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The Dagger: College Basketball Blog

Dez Wells won’t be charged, raising questions about Xavier’s decision to expel him

Jeff Eisenberg
The Dagger

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Dez Wells (Getty Images)

Once a grand jury decided Tuesday there was insufficient evidence to indict Dez Wells on charges of sexual assault, the former Xavier standout received support from a highly unlikely source.

Hamilton County prosecutor Joe Deters urged the university to "revisit" its decision to expel Wells for what Xavier deemed last week "a serious violation of the Code of Student Conduct." He also told WLW-AM 700 in Cincinnati that it was "fundamentally unfair" that Xavier expelled Wells August 3 and denied his appeal August 14 without allowing the legal process to first play out.

A defense attorney standing up for a client wouldn't raise any eyebrows, but it's certainly more unusual for a prosecutor to take such a stance. As a result, it has raised questions as to whether Xavier officials may have overreacted in expelling Wells in an effort to protect the image of a basketball program still recovering from the brawl with crosstown rival Cincinnati last December.

Xavier defended itself Tuesday with a statement noting it cannot cede matters of student conduct to the criminal justice system and it must instead rely on the "preponderance of evidence" standard. As if that wording alone didn't make it clear won't be back at Xavier, the statement also reiterated the expulsion is "final."

Wells' expulsion has inspired emotional responses from the Xavier fan base.

Some have praised Xavier for taking a zero-tolerance attitude in incidents of this nature and for valuing ethics above basketball success. Others are outraged administrators would expel the Musketeers' top returning player when prosecutors couldn't even gather enough evidence to press charges, let alone get a conviction.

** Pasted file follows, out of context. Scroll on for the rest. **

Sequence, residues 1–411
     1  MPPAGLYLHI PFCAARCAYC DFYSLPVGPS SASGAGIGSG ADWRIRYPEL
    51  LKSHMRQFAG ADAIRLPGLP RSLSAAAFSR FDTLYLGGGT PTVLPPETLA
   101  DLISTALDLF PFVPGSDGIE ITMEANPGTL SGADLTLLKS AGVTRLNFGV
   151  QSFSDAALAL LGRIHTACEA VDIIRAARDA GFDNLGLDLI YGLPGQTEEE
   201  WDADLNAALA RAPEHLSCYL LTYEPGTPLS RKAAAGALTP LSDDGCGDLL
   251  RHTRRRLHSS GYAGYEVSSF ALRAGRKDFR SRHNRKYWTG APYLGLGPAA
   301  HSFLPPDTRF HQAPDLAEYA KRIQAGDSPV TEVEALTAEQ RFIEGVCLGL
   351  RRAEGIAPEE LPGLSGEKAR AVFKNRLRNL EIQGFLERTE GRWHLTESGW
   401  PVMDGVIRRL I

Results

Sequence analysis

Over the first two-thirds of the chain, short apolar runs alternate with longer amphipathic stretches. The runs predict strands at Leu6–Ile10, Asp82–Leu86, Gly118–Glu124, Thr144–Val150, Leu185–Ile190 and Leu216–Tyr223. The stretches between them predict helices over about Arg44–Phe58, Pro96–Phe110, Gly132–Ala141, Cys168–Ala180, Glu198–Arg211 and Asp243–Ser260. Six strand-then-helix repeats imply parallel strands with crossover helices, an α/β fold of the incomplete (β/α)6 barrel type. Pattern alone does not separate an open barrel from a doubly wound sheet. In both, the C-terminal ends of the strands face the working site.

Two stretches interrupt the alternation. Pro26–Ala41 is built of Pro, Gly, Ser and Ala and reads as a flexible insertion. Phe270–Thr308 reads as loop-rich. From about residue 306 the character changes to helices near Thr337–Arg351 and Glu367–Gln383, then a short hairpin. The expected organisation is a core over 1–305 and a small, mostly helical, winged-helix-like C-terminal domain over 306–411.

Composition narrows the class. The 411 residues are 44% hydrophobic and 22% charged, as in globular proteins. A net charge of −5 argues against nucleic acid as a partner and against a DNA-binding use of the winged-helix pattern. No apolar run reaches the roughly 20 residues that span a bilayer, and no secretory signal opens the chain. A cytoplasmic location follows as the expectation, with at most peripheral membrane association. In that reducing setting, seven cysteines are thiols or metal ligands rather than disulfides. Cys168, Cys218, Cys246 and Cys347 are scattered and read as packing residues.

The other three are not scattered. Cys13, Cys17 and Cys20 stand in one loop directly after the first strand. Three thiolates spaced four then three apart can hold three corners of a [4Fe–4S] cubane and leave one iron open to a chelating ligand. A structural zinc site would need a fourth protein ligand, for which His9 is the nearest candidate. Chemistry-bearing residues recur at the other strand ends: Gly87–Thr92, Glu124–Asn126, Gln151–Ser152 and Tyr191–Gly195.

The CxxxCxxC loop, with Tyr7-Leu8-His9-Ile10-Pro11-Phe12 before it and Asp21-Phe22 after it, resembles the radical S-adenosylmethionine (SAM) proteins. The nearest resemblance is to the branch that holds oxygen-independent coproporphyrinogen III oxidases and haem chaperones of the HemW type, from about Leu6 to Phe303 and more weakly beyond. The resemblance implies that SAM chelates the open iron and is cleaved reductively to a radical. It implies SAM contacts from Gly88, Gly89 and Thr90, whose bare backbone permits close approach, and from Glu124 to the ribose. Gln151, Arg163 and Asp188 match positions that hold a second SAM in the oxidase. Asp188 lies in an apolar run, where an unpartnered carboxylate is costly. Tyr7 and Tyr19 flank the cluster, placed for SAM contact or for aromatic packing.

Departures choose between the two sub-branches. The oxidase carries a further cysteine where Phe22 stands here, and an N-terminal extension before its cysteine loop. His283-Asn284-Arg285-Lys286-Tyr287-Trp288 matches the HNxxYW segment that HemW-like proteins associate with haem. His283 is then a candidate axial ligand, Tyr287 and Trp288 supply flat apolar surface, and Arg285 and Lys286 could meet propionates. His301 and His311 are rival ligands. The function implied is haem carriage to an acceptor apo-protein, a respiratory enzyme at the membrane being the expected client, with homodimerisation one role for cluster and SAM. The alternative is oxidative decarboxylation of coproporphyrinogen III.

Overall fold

The truth is that any strong opinions about this situation are rash because we don't have enough information about what actually happened. We aren't privy to Wells' side of the story or his accuser's — and we probably never will be either.

If Wells committed an act as reprehensible as sexual assault, he deserves to be punished harshly for that. If he was wrongfully accused, then the school has played a role in needlessly sullying his previously spotless reputation to protect its own.

The one thing that is certain is the grand jury's decision not to indict Wells will enable him to continue his college basketball career elsewhere. Louisville, Memphis and Texas are reportedly among the leading suitors at this point.

Before moving on for good, Wells had one last message for Xavier.

"I had a great time at XU!" he tweeted. "Love you guys forever."

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